Our natural world is always changing. When we talk of changing climate, we often think of the negative aspects of humans’ impact on the environment. At its most basic, changes in global temperature refers to evolving weather patterns.
“Weather changes all over the place, from mountaintop to the valley,” says Jason Hubbart, professor of Hydrology and Water Quality and the Director of the West Virginia University Institute of Water Security and Science.
As a leader in his field, Hubbart studies weather patterns and water quality in addition to contemporary land-use practices in his home state of West Virginia and beyond. One of his recent studies revealed that the West Virginia climate is milder than it once was, with cooler summers, warmer winters and wetter weather. The changing weather has some interesting implications for agriculture in the Mountaineer state.
“We need to rethink agriculture for the state,” Hubbart says. “The growing season is getting longer and of course winters are becoming more mild.”
While Hubbart acknowledges the negative implications of changing temperatures, he’s optimistic about the ways the agricultural industry could adapt to these new parameters. There’s potential to expand the range of crops in the region—winter wheat and soybeans, for example, thrive in moderate temperatures. Crops like this could be the future of agriculture in the state.
Hubbart has other ideas on how West Virginia can continue to adapt. Although the state has a history of dependence on coal, Hubbart says the industry is shrinking. “Coal mining is going away. And if we are serious about doing something about climate change, then we need to be looking at different types and forms of energy.”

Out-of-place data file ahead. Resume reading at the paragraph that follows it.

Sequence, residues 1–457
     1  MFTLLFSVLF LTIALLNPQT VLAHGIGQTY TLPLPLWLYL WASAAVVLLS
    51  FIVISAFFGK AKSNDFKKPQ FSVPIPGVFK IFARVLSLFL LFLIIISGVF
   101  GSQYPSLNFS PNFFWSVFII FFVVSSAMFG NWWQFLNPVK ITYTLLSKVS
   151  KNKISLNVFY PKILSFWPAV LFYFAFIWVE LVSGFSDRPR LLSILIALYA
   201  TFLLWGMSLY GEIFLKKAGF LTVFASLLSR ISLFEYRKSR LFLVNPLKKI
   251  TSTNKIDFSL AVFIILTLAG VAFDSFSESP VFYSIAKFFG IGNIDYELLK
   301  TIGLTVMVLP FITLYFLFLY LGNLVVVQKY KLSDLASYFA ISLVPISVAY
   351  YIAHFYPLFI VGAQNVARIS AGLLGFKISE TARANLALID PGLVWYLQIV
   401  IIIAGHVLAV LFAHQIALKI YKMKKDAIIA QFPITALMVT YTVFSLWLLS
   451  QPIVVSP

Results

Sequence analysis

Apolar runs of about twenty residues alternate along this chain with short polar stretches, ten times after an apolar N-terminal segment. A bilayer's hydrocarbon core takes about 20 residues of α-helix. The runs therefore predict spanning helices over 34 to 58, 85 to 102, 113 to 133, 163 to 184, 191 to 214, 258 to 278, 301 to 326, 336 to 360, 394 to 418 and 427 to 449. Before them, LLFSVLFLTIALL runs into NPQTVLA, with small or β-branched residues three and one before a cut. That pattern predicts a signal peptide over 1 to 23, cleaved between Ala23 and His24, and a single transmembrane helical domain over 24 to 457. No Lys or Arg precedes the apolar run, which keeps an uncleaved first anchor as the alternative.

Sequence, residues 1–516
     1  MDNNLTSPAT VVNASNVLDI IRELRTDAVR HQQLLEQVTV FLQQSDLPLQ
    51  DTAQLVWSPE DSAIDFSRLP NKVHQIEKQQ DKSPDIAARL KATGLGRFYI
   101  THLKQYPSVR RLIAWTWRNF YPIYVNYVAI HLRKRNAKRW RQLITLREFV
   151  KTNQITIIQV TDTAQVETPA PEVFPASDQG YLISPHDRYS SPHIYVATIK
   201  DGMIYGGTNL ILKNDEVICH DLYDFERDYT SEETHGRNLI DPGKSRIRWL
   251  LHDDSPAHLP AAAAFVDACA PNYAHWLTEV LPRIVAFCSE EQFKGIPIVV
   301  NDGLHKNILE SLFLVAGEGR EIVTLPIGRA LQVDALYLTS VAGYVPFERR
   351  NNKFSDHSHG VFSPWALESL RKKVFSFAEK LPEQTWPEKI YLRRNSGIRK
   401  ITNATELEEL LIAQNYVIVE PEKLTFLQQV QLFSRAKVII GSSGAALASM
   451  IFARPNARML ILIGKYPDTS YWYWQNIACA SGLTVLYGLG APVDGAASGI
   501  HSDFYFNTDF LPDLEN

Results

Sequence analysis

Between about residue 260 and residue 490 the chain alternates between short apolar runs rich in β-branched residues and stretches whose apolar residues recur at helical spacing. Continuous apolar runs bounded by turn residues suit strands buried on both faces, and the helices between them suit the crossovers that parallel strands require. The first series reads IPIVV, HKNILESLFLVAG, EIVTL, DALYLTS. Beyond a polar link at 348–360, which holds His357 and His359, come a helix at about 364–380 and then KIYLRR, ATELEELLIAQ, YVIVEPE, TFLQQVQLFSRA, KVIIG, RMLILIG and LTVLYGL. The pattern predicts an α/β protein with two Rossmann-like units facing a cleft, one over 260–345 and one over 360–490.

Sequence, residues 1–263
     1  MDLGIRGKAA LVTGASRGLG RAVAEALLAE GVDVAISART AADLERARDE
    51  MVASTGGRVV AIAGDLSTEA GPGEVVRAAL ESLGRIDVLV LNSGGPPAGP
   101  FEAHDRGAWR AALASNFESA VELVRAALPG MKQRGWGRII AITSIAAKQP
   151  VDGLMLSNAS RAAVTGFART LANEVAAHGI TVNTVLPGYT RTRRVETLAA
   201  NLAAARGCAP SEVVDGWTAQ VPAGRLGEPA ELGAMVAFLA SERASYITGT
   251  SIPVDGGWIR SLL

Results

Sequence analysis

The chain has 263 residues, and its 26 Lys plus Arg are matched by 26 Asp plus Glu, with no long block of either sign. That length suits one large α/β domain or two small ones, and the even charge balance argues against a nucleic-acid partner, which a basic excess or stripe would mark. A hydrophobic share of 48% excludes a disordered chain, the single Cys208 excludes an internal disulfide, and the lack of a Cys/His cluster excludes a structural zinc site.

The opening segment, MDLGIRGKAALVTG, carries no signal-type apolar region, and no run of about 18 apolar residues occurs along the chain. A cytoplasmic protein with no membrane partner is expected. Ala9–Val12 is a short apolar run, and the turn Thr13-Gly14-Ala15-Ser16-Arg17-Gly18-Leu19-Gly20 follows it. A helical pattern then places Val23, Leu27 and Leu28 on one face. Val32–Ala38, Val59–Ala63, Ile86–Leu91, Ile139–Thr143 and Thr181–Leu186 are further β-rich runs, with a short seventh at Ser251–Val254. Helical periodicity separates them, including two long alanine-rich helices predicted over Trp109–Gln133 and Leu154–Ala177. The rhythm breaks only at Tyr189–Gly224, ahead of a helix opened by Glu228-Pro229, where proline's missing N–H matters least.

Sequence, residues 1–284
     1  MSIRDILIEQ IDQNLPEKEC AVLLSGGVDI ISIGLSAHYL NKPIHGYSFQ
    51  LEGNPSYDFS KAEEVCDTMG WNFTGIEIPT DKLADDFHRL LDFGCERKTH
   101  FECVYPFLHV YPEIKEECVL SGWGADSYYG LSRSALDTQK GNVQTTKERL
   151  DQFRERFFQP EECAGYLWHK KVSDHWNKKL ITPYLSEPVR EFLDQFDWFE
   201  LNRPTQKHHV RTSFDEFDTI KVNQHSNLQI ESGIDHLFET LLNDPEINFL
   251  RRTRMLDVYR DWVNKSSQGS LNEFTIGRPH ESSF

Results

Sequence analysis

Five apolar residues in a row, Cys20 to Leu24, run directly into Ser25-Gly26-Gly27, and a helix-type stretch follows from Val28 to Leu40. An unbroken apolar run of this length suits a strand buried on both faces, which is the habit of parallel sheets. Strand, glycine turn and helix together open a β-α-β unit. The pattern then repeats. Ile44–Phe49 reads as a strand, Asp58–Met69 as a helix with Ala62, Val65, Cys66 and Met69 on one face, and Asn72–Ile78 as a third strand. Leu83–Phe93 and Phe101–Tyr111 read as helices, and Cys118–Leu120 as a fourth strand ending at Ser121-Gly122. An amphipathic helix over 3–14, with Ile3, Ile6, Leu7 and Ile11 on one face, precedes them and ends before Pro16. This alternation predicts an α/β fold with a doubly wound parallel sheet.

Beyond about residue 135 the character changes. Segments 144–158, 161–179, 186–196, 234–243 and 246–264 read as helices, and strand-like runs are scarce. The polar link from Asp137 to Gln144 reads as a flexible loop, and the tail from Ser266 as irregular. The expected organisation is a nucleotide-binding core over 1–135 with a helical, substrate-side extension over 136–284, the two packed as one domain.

The numbers support Hubbart’s claim: jobs in the coal industry fell by 33 percent from 2010 to 2019, and the number is expected to continue to fall.
“However, that doesn’t change the fact that folks who were formerly dependent on the coal industry to make a living and support their families are now needing work.” Hubbart envisions putting people back to work in the agricultural industry—which might have the added bonus of combating food desert issues throughout Appalachia. Increasing employment in eco-friendly jobs has economic benefits. As crop production increases, so will access to fresh food in rural areas.
Over his approximately 20-year teaching career, Hubbart has noticed an increase in environmental awareness and a growing interest in sustainability issues, including natural resource management. “I think students are trending more towards environmental jobs concerned with natural resource protection and sustainability. They understand the value of natural resource commodities, in that people make a living through natural resources and through recreation. Students are more in tune with methods and interested in new discoveries that improve the sustainability of those resources.”
What does this mean for the next generation of environmental leaders? If Hubbart’s students are any indication, “they’re motivated to do more, they’re motivated to protect.”